- The Washington Times - Monday, September 4, 2006

The Maryland football team’s season opener Saturday yielded a victory. Whether there was much else to be gleaned from the 27-14 snoozer over William & Mary remains to be seen.

The Terrapins’ rushing attack was impressive behind strong line play and fullback Tim Cesa’s blocking while the passing game was conservative and efficient. And the defense grew tired as the game progressed, a nod to some of the Terps’ foibles from a season ago.

So what — if anything — did the Terps (1-0) learn from their long-anticipated debut?

“They were stunting and blitzing and we handled it all very well,” coach Ralph Friedgen said yesterday. “The option play [Lance Ball scored on], that was a check at the line. The fact we were able to do those types of things is encouraging. I’m not disappointed. We just have to show our guys where we can get better.”

That likely will be the legacy of the opener, which provided few clues of how good the Terps could be this season.

Junior Keon Lattimore started and rumbled for 89 yards and a touchdown, and Ball nearly matched him with 86 yards. The pair thrived while repeating many of the same plays, and the Terps had twice as many rushes as passing attempts.

The offense was especially bland inside the 20, where 10 of the Terps’ 12 plays were runs and the other two were short passes to tailbacks Ball and Josh Allen.

“We didn’t even run the whole offense,” right guard Andrew Crummey said. “We were being pretty successful with certain plays. There’s no point to stop running a play if you’re getting yardage on it.”

It provided a low-key acclimation period for the Terps’ young wide receiver corps. Both Danny Oquendo and Isaiah Williams caught long passes to set up first-half touchdowns.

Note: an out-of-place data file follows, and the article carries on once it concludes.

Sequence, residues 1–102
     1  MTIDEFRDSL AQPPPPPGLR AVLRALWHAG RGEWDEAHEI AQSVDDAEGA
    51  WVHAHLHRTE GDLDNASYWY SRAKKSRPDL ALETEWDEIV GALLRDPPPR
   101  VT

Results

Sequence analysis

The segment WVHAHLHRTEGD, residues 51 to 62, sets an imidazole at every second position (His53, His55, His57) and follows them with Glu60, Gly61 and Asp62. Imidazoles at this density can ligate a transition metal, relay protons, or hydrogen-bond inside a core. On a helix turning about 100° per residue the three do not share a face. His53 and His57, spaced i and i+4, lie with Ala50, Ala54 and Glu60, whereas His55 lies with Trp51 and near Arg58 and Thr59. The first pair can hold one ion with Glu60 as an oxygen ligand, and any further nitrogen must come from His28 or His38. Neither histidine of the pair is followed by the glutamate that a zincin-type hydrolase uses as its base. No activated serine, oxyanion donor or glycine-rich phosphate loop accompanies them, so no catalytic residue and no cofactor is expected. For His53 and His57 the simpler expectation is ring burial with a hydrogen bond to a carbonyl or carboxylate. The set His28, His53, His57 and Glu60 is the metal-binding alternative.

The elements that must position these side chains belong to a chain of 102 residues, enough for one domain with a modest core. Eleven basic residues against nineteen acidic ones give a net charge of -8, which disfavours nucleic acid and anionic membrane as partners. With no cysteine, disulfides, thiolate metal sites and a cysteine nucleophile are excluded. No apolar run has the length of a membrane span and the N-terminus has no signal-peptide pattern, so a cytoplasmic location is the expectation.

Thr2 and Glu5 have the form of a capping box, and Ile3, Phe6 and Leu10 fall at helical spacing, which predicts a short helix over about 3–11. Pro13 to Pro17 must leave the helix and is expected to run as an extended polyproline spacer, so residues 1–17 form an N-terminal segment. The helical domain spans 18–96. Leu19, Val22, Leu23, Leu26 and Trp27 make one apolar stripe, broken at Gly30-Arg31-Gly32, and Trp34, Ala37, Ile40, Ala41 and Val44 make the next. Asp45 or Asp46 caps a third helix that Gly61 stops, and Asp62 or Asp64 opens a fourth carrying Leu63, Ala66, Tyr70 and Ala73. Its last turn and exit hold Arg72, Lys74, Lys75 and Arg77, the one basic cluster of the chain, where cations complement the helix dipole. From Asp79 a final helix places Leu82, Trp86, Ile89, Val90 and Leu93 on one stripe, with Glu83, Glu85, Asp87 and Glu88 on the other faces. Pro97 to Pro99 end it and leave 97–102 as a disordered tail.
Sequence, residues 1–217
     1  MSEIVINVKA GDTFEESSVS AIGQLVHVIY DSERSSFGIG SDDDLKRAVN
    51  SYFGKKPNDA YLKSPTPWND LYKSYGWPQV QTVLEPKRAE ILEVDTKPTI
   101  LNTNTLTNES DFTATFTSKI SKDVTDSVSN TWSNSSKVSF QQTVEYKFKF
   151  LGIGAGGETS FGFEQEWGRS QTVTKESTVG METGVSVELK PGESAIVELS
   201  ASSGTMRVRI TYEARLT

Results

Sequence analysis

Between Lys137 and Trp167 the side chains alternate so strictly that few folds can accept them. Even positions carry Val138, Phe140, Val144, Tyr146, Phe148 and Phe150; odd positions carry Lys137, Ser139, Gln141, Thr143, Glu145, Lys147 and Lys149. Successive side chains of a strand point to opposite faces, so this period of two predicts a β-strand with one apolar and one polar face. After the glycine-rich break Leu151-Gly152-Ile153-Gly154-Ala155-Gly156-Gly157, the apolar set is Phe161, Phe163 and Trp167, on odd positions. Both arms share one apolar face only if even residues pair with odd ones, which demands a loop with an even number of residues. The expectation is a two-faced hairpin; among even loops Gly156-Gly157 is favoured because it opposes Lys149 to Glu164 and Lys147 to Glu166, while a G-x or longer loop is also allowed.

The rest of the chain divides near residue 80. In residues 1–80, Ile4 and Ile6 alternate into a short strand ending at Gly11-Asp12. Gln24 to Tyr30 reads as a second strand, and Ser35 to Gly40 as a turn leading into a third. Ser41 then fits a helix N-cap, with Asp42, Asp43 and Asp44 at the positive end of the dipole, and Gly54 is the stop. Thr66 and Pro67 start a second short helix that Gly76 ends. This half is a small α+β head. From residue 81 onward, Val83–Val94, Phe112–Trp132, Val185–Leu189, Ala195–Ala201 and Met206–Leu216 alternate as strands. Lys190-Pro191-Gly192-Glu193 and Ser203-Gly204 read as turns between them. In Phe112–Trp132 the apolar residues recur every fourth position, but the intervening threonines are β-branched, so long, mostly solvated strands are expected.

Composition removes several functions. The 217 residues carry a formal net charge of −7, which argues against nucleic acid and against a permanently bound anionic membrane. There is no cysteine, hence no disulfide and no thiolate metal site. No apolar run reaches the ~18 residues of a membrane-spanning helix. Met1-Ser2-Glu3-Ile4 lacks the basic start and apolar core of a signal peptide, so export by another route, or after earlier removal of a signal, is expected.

The Terps completed only nine passes, but it hardly mattered against the Division I-AA Tribe. Friedgen saw no reason to continue to throw late in the game, though he knows his receivers must improve as Maryland ventures deeper into its season.

Said quarterback Sam Hollenbach: “I told them after the game we’re going to have games where we’re probably going to need to throw the ball a little bit more. I think they wanted the ball more. I think they felt good out there, and that’s the main thing.”

The Terps’ performance wasn’t out of place during a weekend filled with major-conference teams fine-tuning against overwhelmed foes. On paper, Saturday’s meeting against Middle Tennessee should be another such game before a Sept. 14 trip to No. 5 West Virginia.

If there was a cause for concern, it was backup quarterback Jordan Steffy’s struggles. The sophomore, who redshirted last season, came in for a series in the second quarter with the Terps ahead 17-0 and threw an interception.

Steffy seemed even more nervous when he returned early in the fourth quarter. The reserve lost a fumble and finished 0-for-5 in his first outing since November 2004.

The shaky play didn’t deter Friedgen, who praised Steffy’s play in practice leading up to the opener.

“I’m of the persuasion that if a guy can do it one time, he can do it all the time,” Friedgen said. “I just think it’s a matter of experience with him and I’m not going to get down on him. I’m going to keep working him and see if he can get better.”

Notes — Friedgen said he is optimistic senior wideout Drew Weatherly will return for Wednesday’s practice. Weatherly (right foot) missed the opener and team athletic trainers are uncertain if it is a stress fracture or a recurrence of an old injury. … Friedgen said he thinks right tackle Dane Randolph (sprained ankle) will return in time for Saturday’s game.

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